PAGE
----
Young people are ideally suited to starting a new enterprise. They are naturally energetic and creative, seeing solutions to common problems that older generations might miss.
Yet, the generations of entrepreneurs who came before you had to deal with risk before they found success – and so will you. Being an entrepreneur means taking risks to achieve your dreams.
Some of these risks are unique to you and your business depending on your field and goals. Others are common to all entrepreneurial journeys. You must weigh the potential cost versus the reward with each risk you take.
Like our founder, Woodrow “Woody” Kantner, all risks provide you with valuable experience. A little bit of knowledge of what to expect can go a long way towards helping you mitigate risk and maximize success.
Here are five of the most common risks new entrepreneurs face, as well as how you can prepare for the challenge they present.
If you are reading this, you are already a bright and motivated student who understands the value of research and planning. You know that good grades don’t just happen.
Neither does business success.
Before you start your entrepreneurial journey, do your research, make a plan, and have backup plans in place for unexpected bumps and detours. Otherwise, you’ll be forced to go back to square one every time you hit a bump in the road. Try not to get lost in the preparation and forget your forward momentum.
Do you know how much money you need to get your business off the ground? If you are producing a product, how much does each product cost to make? Where will this money come from? How do you convince people to invest in your business, and how do you instill confidence in them?
You’ll want to launch your business with plenty of money to keep it going. Of course, many young entrepreneurs won’t have the funds themselves to launch and run a successful business. If you’ve done your research as mentioned above, you know you’ll need more money than you probably think you do to get started.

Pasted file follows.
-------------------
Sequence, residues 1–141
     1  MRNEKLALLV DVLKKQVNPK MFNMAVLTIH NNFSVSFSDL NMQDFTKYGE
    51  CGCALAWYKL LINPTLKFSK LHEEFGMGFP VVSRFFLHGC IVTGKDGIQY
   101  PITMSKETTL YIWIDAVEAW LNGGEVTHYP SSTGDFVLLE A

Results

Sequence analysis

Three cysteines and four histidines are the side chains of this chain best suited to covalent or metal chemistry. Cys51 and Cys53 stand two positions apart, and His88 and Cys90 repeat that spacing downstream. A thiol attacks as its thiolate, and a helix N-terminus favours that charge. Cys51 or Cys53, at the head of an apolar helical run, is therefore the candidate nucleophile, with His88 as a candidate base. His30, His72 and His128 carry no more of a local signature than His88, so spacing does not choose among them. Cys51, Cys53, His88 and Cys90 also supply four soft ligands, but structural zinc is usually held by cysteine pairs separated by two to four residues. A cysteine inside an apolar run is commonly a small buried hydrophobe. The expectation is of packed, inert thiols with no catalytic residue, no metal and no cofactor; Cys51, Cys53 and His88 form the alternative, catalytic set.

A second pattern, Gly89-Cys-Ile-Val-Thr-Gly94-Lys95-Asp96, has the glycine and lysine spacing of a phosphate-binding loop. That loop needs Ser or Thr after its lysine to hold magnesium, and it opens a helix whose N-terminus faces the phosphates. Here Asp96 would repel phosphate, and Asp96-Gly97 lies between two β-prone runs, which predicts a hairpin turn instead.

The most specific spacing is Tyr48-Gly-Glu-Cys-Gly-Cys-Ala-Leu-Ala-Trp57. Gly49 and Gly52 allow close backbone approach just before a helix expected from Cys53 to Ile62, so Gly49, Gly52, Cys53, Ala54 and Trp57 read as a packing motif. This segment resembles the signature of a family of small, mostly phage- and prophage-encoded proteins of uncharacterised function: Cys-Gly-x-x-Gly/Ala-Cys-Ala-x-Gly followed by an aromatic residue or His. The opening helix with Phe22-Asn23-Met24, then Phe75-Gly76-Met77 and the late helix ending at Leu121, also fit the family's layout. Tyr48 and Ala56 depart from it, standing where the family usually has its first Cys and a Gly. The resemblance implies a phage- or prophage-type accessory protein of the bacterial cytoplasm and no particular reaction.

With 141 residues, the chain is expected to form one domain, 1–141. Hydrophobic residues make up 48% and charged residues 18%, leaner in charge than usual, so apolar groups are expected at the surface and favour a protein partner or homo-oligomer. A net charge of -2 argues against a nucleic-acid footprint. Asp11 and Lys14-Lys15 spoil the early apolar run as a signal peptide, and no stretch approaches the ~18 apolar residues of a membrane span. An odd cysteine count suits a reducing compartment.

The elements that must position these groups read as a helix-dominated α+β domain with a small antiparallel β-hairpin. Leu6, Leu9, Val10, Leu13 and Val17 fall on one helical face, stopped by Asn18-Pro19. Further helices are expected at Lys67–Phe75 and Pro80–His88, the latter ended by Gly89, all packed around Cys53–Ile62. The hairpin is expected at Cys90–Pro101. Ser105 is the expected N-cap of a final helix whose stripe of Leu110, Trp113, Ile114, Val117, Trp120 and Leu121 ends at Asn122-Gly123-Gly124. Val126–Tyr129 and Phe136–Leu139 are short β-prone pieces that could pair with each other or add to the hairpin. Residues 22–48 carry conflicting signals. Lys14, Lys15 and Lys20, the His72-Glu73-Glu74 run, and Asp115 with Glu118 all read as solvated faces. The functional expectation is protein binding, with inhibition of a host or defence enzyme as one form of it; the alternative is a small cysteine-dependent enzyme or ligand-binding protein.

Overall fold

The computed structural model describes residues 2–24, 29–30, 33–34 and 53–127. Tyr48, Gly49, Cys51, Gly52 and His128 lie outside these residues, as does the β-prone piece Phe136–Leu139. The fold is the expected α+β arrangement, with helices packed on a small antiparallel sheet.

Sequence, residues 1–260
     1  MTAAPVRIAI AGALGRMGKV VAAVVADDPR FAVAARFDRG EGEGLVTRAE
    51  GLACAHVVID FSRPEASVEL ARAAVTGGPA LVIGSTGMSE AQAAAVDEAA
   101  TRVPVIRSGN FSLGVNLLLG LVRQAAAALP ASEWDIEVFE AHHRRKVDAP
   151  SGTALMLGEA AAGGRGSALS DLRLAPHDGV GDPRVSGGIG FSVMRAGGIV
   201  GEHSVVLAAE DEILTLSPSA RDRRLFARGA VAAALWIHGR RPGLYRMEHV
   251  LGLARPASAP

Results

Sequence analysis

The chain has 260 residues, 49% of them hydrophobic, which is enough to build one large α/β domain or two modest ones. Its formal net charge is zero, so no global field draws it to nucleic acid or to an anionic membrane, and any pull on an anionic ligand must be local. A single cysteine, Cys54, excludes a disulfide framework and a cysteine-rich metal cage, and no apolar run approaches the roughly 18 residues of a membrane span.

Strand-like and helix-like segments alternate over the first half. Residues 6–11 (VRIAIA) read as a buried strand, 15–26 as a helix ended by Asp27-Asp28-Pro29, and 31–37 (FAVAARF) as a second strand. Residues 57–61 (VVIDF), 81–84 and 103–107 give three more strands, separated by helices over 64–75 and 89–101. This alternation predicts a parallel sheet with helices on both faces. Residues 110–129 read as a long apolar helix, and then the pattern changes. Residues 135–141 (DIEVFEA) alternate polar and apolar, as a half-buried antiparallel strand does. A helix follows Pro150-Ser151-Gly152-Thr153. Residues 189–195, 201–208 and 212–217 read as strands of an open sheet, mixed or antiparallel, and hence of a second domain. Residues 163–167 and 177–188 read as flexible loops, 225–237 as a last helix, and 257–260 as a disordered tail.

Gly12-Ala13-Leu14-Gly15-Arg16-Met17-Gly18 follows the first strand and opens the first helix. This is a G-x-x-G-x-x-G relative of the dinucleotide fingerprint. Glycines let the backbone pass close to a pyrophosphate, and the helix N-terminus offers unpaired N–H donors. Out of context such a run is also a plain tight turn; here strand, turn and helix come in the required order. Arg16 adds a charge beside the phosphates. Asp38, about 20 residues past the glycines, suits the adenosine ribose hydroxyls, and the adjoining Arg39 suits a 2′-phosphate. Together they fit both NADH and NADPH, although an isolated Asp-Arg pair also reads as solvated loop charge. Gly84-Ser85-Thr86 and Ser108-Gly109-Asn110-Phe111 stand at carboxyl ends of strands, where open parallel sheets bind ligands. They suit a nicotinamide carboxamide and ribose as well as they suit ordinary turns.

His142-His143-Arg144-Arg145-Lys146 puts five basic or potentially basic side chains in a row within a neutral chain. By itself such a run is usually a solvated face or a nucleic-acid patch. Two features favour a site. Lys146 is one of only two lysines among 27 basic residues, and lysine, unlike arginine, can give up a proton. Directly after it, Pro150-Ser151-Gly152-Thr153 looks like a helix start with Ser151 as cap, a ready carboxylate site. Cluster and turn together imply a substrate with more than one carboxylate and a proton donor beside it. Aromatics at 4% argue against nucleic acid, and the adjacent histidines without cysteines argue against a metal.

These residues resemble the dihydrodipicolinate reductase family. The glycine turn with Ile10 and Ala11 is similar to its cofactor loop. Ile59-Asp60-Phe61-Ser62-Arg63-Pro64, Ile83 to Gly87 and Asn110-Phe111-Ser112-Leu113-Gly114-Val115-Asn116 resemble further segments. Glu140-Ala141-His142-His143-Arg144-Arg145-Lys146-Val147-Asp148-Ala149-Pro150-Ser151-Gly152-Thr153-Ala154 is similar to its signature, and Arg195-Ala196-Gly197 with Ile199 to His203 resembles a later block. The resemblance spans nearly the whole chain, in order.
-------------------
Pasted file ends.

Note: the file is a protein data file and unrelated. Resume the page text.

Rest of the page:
That’s where investors come in.
Take a look at the most successful recent Kickstarter campaigns. What do they all have in common? How can you incorporate those characteristics into your unique business plan? How much money do you need to guarantee you will not only get off the ground but keep going if you don’t earn any money for the first week or month?
Your business plan is solid. You have the financing you need and then some. It’s make-or-break time!
The difference between the first two risks mentioned above, and this one, is that plans and finance require you to set the groundwork. Implementation is where you launch your business and send it out into the world. And that can be scary!
Here is where you need to stay on top of selling your product. What is it, and how will it make your customers’ lives better? You shouldn’t be pushy or arrogant, but you need to convince people that your product is worth their hard-earned money.
While you’re thinking about the risks of implementation, take into account the reputation you are building as a young entrepreneur. Be careful what you post in public, especially on your business’s social media accounts. Take a quick scan through the laws and rules of your industry to make sure you don’t put yourself in hot water.